A few weeks ago, the Canadian Esri Young Scholar was selected. This award program was launched in the spring of 2012 and it recognizes the exemplary work of current undergraduate and graduate students majoring in geospatial science disciplines at international universities and colleges. At the annual CAG Conference, awards were also handed out in conjunction with the GIScience speciality group. Esri Canada Director of Education and Research, Brent Hall, provides an overview of this year's awards.
This post was contributed by Brent Hall, Director of Education and Research, Esri Canada
For the last three years, Esri has run a competition to select the Esri Young Scholar for each international distributor of Esri software. Last year there were 15 applicants for the Esri Young Scholar award. This year the number rose slightly to 16. The winner of this prestigious award receives an all-expenses paid trip to attend the annual Esri International User Conference in San Diego. Here, the winner meets with the other international Esri Young Scholar recipients, has a poster highlighting his/her work displayed and receives an award from Esri President Jack Dangermond. All Young Scholar applications this year were of a very high order, and the selection panel, comprised of professors from across Canada—including Trisalyn Nelson (UVictoria), Don Boyes (UToronto), Pablo Arroyo (McGill) and me—found it a challenge to select the winner. The successful candidate for 2014 is Andrew Plowright, from the University of Ottawa. Andrew’s poster titled “Evaluating the human footprint within Canada's biodiversity hotspots using Python Scripting for ArcGIS” can be viewed below.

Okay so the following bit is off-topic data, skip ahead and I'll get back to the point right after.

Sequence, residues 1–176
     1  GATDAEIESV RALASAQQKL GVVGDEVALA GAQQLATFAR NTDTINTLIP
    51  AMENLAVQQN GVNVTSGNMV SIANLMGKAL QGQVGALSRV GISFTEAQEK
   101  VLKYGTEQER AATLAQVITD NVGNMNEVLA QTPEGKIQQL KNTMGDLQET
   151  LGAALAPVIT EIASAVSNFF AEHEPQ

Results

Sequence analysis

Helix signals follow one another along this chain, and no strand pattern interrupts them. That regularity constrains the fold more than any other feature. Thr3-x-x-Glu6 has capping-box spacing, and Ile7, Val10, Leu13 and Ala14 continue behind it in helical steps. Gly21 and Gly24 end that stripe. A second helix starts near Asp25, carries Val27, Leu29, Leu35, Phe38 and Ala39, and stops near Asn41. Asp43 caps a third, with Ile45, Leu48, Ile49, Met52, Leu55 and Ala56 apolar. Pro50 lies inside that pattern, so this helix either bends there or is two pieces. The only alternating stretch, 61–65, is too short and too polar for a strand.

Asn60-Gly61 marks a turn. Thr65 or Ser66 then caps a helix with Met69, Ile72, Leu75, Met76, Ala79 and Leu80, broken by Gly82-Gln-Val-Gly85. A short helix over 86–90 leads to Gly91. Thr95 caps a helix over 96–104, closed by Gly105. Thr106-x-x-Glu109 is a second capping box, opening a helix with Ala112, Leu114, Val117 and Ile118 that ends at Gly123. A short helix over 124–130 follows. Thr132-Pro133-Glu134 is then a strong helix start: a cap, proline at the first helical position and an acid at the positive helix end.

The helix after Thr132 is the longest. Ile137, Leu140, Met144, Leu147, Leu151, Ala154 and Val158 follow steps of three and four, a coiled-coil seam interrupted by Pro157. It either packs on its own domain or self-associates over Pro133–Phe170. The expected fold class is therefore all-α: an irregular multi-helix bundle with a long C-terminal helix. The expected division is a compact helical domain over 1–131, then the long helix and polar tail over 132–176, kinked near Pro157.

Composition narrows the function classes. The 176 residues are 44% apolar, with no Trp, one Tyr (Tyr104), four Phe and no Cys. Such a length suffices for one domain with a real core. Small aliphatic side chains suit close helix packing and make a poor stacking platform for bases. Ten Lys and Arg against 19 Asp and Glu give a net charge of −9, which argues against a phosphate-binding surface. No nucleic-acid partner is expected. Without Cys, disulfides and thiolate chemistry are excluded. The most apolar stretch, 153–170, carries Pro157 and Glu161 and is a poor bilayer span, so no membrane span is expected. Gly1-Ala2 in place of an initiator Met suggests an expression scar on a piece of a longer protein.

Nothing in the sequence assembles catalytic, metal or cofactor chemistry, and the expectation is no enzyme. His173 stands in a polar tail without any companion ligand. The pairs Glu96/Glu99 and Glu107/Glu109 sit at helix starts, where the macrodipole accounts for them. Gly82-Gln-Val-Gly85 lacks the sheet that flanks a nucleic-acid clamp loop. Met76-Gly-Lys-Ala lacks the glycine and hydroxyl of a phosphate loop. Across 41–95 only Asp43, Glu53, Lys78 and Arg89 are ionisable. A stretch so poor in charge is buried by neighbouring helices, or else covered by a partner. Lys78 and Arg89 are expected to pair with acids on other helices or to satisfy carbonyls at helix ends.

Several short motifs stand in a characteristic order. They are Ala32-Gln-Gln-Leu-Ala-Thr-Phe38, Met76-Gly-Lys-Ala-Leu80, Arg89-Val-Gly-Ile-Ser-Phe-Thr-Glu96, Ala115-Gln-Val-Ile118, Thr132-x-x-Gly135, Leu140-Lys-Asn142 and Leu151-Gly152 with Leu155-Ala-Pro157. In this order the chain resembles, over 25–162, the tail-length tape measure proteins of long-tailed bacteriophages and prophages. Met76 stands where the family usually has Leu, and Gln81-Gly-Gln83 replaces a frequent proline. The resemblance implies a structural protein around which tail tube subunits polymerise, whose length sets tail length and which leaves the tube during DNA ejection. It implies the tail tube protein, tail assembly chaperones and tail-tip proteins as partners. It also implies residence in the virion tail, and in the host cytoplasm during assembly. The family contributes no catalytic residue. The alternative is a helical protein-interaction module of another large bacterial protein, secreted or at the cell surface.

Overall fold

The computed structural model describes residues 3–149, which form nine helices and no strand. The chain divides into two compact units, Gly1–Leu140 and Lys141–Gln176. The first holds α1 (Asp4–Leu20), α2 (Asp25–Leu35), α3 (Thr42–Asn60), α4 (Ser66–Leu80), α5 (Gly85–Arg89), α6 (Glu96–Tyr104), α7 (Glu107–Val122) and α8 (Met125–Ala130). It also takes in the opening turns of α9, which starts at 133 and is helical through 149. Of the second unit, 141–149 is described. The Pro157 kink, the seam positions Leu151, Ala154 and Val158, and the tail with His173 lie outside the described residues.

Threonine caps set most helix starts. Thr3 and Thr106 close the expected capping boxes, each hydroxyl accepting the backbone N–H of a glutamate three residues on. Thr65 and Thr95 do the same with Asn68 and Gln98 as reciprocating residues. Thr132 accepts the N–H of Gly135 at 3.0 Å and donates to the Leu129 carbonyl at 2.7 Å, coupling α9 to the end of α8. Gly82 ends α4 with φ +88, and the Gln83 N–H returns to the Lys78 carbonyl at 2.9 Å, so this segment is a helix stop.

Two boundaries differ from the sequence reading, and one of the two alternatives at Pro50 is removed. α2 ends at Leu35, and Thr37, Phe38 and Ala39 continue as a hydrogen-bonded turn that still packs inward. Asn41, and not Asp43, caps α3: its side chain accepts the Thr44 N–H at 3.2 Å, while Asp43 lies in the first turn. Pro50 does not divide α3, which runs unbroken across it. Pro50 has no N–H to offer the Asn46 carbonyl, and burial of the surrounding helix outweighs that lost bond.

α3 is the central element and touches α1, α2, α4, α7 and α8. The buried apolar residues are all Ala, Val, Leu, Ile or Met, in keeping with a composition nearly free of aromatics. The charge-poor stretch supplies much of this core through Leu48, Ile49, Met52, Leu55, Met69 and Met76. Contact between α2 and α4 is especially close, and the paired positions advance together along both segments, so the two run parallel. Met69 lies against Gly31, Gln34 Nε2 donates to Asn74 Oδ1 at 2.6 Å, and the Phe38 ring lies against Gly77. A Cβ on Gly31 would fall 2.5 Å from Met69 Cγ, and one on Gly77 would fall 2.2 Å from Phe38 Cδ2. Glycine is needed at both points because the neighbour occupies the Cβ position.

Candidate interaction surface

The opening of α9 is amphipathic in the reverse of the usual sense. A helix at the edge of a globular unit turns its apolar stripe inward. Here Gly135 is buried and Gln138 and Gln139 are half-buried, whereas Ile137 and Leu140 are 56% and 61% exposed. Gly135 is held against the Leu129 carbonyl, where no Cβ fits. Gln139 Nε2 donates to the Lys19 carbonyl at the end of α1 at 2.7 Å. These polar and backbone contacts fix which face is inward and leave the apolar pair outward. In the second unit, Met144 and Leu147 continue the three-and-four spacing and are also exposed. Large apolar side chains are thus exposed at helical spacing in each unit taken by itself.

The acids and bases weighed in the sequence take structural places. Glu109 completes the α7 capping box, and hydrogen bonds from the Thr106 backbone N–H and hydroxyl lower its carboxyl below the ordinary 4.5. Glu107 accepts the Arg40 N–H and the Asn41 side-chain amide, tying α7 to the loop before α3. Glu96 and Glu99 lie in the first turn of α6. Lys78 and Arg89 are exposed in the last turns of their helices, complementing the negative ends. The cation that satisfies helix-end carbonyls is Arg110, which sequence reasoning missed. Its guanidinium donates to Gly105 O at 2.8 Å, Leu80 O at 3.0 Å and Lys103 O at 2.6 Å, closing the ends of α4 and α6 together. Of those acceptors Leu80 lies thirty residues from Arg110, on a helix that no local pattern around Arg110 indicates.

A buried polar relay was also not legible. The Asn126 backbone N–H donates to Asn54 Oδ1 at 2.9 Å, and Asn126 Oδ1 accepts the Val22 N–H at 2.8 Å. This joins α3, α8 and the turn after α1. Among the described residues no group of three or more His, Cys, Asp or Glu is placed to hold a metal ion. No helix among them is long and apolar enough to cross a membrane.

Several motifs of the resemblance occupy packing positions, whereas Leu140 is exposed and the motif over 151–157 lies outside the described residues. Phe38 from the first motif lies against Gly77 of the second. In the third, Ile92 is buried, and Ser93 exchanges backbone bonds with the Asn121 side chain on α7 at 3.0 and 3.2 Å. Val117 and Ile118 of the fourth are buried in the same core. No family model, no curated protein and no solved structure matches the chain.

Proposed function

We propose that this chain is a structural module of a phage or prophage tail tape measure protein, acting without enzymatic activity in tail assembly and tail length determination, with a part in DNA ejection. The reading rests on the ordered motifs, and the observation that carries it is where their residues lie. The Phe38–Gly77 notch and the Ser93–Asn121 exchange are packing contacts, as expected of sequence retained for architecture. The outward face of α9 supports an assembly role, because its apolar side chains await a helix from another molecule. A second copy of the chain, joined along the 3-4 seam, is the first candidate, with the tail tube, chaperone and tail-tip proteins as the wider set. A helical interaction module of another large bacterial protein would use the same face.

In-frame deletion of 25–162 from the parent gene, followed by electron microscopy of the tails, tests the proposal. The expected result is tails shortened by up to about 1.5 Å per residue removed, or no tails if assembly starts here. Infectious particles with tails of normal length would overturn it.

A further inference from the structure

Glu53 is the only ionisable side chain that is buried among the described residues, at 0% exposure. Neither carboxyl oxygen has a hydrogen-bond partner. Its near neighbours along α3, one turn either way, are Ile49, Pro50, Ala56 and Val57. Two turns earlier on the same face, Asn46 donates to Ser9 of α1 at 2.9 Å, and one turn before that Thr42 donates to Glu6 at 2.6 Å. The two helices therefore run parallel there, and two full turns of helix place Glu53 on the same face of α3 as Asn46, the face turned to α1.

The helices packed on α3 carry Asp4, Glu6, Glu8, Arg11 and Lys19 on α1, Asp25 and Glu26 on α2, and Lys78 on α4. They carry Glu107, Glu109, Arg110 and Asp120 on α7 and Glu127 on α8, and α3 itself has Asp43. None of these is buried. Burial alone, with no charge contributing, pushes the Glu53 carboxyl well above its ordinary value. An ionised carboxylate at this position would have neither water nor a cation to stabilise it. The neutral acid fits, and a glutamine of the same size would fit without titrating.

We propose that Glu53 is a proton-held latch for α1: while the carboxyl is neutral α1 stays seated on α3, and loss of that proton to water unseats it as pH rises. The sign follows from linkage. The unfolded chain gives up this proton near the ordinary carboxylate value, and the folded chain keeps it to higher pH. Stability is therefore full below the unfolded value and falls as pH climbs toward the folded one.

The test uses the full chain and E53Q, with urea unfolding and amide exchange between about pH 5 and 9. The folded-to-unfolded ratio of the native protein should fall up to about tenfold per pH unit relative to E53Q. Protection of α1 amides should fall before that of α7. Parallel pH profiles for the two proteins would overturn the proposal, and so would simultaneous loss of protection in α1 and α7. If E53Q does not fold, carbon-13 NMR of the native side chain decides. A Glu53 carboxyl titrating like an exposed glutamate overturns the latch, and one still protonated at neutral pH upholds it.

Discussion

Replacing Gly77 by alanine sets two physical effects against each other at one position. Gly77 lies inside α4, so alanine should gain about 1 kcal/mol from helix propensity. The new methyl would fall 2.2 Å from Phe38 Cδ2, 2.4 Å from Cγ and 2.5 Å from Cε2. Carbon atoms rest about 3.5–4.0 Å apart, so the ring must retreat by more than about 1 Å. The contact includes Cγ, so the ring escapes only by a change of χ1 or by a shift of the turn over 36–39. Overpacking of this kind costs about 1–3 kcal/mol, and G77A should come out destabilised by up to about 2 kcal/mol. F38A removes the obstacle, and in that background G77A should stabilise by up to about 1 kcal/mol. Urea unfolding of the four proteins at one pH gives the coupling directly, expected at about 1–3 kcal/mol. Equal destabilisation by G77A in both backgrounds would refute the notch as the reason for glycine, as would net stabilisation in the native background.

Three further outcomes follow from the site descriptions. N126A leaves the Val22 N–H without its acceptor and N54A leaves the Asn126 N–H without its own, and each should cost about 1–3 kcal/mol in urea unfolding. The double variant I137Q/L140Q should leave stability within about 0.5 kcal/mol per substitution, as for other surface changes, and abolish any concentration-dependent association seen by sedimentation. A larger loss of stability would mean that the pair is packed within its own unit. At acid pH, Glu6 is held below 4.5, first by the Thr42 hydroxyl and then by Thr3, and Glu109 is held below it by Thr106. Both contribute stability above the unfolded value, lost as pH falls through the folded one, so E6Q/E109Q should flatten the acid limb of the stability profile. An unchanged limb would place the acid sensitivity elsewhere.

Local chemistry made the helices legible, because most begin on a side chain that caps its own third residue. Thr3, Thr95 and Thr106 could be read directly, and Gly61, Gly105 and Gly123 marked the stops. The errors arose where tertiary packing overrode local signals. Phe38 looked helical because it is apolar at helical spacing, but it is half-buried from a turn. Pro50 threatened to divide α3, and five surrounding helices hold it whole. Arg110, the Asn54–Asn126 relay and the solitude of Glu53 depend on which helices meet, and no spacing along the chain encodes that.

Figure 1.1: Andrew Plowright, winner of the Esri Young Scholar, 2014
In addition to the Esri Young Scholars Award program, Esri Canada provided two awards in conjunction with the GIScience speciality group at the Canadian Association of Geographers (CAG) annual conference in St. Catharines. These awards were coordinated by Professor Tarmo Remmel, Chair of the GIScience Study Group, who reported that after a difficult decision the award for best poster was awarded to Patrick Kirby of Carleton University. His poster titled “Monte Carlo-based analysis of the effect of spatial and thematic uncertainty on bio-diversity models” can be viewed below. The winner of the best GIScience student presentation was Yeustas David of York University. His paper was titled “Quantifying runoff at the sub-watershed level with a physically based model: field measurements and the SWAT hydrological model”.
Figure 1.2: Patrick Kirby, winner of the Best Poster selected by the GIScience Study Group at the CAG Conference, 2014
We are delighted to be able to reward these worthy and hard-working students for their achievements.